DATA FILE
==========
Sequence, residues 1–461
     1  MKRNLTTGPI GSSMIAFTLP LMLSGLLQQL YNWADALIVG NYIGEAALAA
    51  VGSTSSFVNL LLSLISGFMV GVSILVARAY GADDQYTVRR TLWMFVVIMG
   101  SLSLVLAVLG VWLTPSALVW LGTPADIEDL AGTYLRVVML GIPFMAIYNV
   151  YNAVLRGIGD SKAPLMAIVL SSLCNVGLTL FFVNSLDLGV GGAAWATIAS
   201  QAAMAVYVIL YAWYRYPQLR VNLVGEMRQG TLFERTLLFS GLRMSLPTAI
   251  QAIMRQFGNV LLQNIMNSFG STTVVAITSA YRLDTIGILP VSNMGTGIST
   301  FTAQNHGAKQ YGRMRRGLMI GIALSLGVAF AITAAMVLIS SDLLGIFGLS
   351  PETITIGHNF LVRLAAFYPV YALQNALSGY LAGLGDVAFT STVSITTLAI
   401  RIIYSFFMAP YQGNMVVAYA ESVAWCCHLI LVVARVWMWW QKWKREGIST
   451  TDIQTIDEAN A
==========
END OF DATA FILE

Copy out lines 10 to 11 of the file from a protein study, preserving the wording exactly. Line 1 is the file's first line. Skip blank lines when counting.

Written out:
   401  RIIYSFFMAP YQGNMVVAYA ESVAWCCHLI LVVARVWMWW QKWKREGIST
   451  TDIQTIDEAN A